How Easy Was It For You To Lose Weight?

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Replies

  • mel2382016
    mel2382016 Posts: 13 Member
    It's been hard sometimes and easy sometimes. I have lost 105 pounds in four years. Navigating life and parties and celebrations and figuring out how to change lifelong habits and behaviors for good. That was the hard part. The scale not cooperating at times is hard. It is worth sticking with it even if you backslide now and then. If you keep trying and work on consistency it works.
  • shrcpr
    shrcpr Posts: 884 Member
    I'm 5'4" and getting from 155 to 135 was relatively easy over about a four-month period. I stayed there for quite some time because I had a lot of life happening and decided to maintain until things calmed down. I'm now down to 130 but that 5 pounds took around 3 months. I'd like to get down even more but I'm also training for a half-marathon so my fitness goals are contrary to carrying too much of a deficit.

    It's hard at this point because you have to be so accurate for such a long period of time and the deficit is so small that even one day of crazy can wipe out the deficit from your entire week or more.
  • TorStar80
    TorStar80 Posts: 252 Member
    It's pretty easy for me to lose weight, a bit more difficult to keep it off, but a lot easier with the right tools and attitudes. I had to rearrange my food environment, my eating habits, cook more, educate myself, learn to handle stress and emotions better, and simply start to think like a normal weight person.

    I think you're way ahead of the game because you're honest about what's holding you back from losing more - not eating at a calorie deficit, and not wanting to do that, and acknowledging temptations.

    If you want the rest of your weight to go away and stay away (great job on the 30 you've already lost, btw), you have to eat less, there is no way around that. The most effective approach is to want it, but in order to want it, you have to find a way to eat less that you like, because this, you'll be doing for a long, long time (the rest of your life). Exactly what that would be, is up to you to find out, but a suggestion to what you can do, is reframing:

    You can still eat good food, and eat what you like, but you have to be more ruthless in your priorities - work smarter, not harder. Plan your meals. Plan for meals you know you enjoy, line up your favorites. Base your intake on rewarding, but not too stimulating, foods. Don't bring home foods you tend to want to overeat, instead eat them at intervals, reserve them for special occasions where servings are controlled because portions are normal, or by social norms. Eating at "all you can eat" buffets are best avoided as much as possible, until you feel more relaxed around food. (Keep in mind that even though you may find eating relaxing, overeating so much that you've gotten overweight, is an indication that the way you are eating, is somehow causing you stress.)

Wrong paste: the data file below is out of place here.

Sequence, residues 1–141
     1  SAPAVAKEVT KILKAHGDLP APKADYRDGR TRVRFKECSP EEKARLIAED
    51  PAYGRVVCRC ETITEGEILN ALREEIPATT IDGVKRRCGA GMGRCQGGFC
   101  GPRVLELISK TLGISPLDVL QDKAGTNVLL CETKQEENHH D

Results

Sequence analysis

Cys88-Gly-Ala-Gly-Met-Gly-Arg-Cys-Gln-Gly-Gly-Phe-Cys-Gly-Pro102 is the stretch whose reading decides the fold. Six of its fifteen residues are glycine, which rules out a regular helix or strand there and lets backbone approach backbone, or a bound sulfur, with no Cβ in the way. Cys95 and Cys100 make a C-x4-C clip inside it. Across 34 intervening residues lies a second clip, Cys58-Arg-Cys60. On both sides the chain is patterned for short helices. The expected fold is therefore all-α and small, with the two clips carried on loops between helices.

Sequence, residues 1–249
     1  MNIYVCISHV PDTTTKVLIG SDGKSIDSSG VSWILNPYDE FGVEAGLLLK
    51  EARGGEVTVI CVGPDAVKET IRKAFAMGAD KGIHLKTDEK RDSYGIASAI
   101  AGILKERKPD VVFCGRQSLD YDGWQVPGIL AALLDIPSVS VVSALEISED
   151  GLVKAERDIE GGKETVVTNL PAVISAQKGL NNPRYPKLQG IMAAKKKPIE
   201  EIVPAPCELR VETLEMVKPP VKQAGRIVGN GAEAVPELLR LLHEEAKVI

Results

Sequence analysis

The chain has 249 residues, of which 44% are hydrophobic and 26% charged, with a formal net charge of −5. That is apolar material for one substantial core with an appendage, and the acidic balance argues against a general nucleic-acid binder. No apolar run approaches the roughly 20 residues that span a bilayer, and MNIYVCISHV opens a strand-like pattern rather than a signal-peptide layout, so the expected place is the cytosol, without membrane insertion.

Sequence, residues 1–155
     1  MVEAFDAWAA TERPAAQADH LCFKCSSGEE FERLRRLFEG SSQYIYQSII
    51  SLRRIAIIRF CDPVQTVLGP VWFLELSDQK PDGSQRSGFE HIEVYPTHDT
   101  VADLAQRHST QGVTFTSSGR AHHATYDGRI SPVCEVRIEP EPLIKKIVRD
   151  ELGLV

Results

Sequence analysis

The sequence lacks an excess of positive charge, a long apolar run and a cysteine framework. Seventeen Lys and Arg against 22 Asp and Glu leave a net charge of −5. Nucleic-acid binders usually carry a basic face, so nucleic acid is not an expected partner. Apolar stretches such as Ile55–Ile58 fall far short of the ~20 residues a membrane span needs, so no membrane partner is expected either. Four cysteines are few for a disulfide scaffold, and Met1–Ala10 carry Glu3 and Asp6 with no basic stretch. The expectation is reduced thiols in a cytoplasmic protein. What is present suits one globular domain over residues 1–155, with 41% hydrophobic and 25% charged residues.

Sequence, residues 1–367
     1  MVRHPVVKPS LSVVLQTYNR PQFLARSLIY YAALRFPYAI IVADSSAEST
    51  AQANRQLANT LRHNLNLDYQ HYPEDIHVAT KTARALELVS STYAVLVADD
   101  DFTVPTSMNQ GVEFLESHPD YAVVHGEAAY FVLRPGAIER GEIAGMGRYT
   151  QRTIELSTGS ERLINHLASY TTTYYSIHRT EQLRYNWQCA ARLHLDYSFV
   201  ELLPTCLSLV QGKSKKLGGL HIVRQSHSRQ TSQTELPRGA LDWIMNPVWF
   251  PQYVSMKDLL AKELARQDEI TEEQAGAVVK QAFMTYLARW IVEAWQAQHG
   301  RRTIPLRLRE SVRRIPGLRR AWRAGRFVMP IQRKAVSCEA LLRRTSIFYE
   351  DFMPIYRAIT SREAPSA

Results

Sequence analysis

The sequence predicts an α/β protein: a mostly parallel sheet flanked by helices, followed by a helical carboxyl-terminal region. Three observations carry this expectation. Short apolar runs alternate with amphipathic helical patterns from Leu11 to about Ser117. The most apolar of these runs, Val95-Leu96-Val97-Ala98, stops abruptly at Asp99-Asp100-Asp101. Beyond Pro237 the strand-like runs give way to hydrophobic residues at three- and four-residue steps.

Exercise moderately (whatever that means to you), find an activity you enjoy, keep at it, and change it up when you don't enjoy it anymore.

    Get enough sleep and rest, too.

    Then accept that no plan is so great and perfect that you'll never feel tempted to overeat, or never find yourself having overeaten. That is perfectly OK! If you make it easier to make better choices, you will make better choices, and if you make good choices more often than bad choices, you will succeed. [/quot

    I really really love everything you said.
  • sofchak
    sofchak Posts: 862 Member
    A lot of what's been said already... driven by bad bloodwork, I knew I needed to change my diet. I also knew I didn't just want to lose weight; I wanted to be fit. Lost 30 lbs and traded photography for running as a main source of personal entertainment starting early 2016. Maintaining since November. I underestimated how much of a mental game maintenance would be... way harder to maintain than it was to lose.
  • TorStar80
    TorStar80 Posts: 252 Member
    sofchak wrote: »
    A lot of what's been said already... driven by bad bloodwork, I knew I needed to change my diet. I also knew I didn't just want to lose weight; I wanted to be fit. Lost 30 lbs and traded photography for running as a main source of personal entertainment starting early 2016. Maintaining since November. I underestimated how much of a mental game maintenance would be... way harder to maintain than it was to lose.

    Curious what you mean by mental game.. ?

  • SkimpyMrsCarter
    SkimpyMrsCarter Posts: 105 Member
    edited July 2017